Occasionally, drastic measures are essential to mobilize a population toward necessary progress. Civil disobedience is a proven method of affecting change, and when those disobeying are all experts in a field, we can bet that what they’re saying is worth listening to.
The largest demonstration of its kind
This was the “world’s largest-ever scientist-led disobedience campaign.” The protest’s aim was to send an urgent international message about the ecological crisis, claiming a “climate revolution” is the only way to avoid major societal harm from climate change.
The protest was organized in light of the latest report from the Intergovernmental Panel on Climate Change (IPCC), sharing the shortcomings of governments and organizations worldwide to limit global warming by 1.5˚C.
Education and awareness have fallen short of moving governments and corporations to adequate changes. Scientists had to take a different approach. Last Wednesday, they chained themselves to the doors of oil-friendly banks, occupied the steps of government buildings, and blocked bridges, hoping their warnings will be taken seriously.
“I’m taking action to urge governments and society to stop ignoring the collective findings of decades of research,” said Dr. Rose Abramoff, a climate scientist. “Let’s make this crisis impossible to ignore.”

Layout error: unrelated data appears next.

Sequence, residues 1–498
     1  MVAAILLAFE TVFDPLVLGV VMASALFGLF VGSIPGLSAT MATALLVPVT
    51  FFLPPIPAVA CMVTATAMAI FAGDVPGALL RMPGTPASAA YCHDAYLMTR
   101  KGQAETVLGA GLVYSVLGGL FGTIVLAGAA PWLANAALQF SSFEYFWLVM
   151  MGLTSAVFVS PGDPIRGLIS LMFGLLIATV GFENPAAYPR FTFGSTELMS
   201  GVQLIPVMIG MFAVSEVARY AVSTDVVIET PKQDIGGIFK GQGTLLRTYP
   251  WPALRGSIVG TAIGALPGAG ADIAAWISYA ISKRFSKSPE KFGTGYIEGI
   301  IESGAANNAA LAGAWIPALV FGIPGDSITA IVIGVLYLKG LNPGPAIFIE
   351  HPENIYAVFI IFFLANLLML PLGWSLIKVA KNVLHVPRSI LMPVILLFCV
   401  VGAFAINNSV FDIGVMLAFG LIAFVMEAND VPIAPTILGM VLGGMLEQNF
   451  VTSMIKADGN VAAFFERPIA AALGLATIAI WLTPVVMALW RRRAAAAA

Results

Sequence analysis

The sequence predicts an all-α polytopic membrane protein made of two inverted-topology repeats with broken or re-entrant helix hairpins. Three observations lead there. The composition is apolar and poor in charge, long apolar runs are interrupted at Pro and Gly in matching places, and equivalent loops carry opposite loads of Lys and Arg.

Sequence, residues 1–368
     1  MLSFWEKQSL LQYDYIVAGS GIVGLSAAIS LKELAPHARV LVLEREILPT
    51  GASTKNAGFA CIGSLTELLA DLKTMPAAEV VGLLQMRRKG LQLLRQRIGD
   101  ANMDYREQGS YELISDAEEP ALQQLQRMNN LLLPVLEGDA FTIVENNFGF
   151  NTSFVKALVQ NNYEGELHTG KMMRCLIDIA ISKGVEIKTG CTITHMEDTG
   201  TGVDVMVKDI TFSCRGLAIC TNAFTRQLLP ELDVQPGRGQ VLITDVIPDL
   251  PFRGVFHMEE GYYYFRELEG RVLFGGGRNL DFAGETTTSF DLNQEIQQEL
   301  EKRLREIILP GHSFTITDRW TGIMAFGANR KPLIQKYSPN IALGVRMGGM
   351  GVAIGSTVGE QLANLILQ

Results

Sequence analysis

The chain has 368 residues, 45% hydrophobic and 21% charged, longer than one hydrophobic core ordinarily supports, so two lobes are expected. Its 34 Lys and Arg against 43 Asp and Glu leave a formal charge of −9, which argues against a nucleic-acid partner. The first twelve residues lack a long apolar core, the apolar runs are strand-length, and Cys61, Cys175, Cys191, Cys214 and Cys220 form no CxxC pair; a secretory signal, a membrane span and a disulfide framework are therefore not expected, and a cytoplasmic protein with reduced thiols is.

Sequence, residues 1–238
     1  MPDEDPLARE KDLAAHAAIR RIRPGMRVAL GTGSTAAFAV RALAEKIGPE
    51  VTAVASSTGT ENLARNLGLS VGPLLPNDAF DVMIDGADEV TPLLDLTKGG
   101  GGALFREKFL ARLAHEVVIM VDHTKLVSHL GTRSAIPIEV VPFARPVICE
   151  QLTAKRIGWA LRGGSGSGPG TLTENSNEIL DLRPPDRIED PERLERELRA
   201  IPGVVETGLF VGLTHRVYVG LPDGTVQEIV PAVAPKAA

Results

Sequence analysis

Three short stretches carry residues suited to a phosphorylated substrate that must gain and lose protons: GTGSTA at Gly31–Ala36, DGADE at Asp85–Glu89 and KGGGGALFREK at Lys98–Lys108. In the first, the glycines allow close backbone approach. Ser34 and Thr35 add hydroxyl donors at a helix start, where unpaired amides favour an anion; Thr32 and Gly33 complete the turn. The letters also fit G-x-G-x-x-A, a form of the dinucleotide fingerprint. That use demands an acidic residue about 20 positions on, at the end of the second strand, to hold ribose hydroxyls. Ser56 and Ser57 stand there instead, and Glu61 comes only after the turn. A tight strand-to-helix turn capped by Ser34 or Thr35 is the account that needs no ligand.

Climate protesters in Los Angeles stood up in support of these scientists and chained themselves to JPMorgan Chase, the biggest private funder of oil and gas initiatives globally. Peter Kalmus, a climate scientist who was at the L.A. protest stated: “I’m taking action because I feel desperate. It’s the 11th hour in terms of Earth breakdown, and I feel terrified for my kids, and terrified for humanity.”
Kalmus continued: “World leaders are still expanding the fossil fuel industry as fast as they can, but this is insane. The science clearly indicates that everything we hold dear is at risk, including even civilization itself and the wonderful, beautiful, cosmically precious life on this planet. I actually don’t get how any scientist who understands this could possibly stay on the sidelines at this point.”
LA was not the only major city to see protests. Demonstrators in Washington D.C. chained themselves to the White House fence. In Madrid, red paint was thrown over the steps of the Congress of Deputies, and in Berlin people blocked a bridge near the parliament building.
According to organizers, dozens of these activists were arrested for this display of disobedience. In the past, great societal changes such as the Civil Rights Movement have been driven by impassioned demonstrations such as these, and hopefully these climate protests will have a similar effect.